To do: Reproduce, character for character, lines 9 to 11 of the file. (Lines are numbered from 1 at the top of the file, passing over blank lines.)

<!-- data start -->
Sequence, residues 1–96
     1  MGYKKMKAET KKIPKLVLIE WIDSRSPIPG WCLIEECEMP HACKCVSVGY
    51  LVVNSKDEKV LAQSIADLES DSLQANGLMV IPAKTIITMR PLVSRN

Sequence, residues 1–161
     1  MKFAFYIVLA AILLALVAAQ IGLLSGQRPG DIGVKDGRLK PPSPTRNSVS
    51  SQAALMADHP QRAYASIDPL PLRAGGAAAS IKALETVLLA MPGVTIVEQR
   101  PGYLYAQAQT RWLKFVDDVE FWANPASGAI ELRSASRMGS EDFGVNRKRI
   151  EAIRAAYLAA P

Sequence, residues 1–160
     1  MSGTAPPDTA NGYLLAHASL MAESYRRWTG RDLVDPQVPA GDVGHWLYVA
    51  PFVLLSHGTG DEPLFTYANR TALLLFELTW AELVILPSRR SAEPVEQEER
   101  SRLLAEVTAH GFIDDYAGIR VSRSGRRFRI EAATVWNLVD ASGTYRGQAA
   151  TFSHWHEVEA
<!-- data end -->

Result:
Sequence, residues 1–160
     1  MSGTAPPDTA NGYLLAHASL MAESYRRWTG RDLVDPQVPA GDVGHWLYVA
    51  PFVLLSHGTG DEPLFTYANR TALLLFELTW AELVILPSRR SAEPVEQEER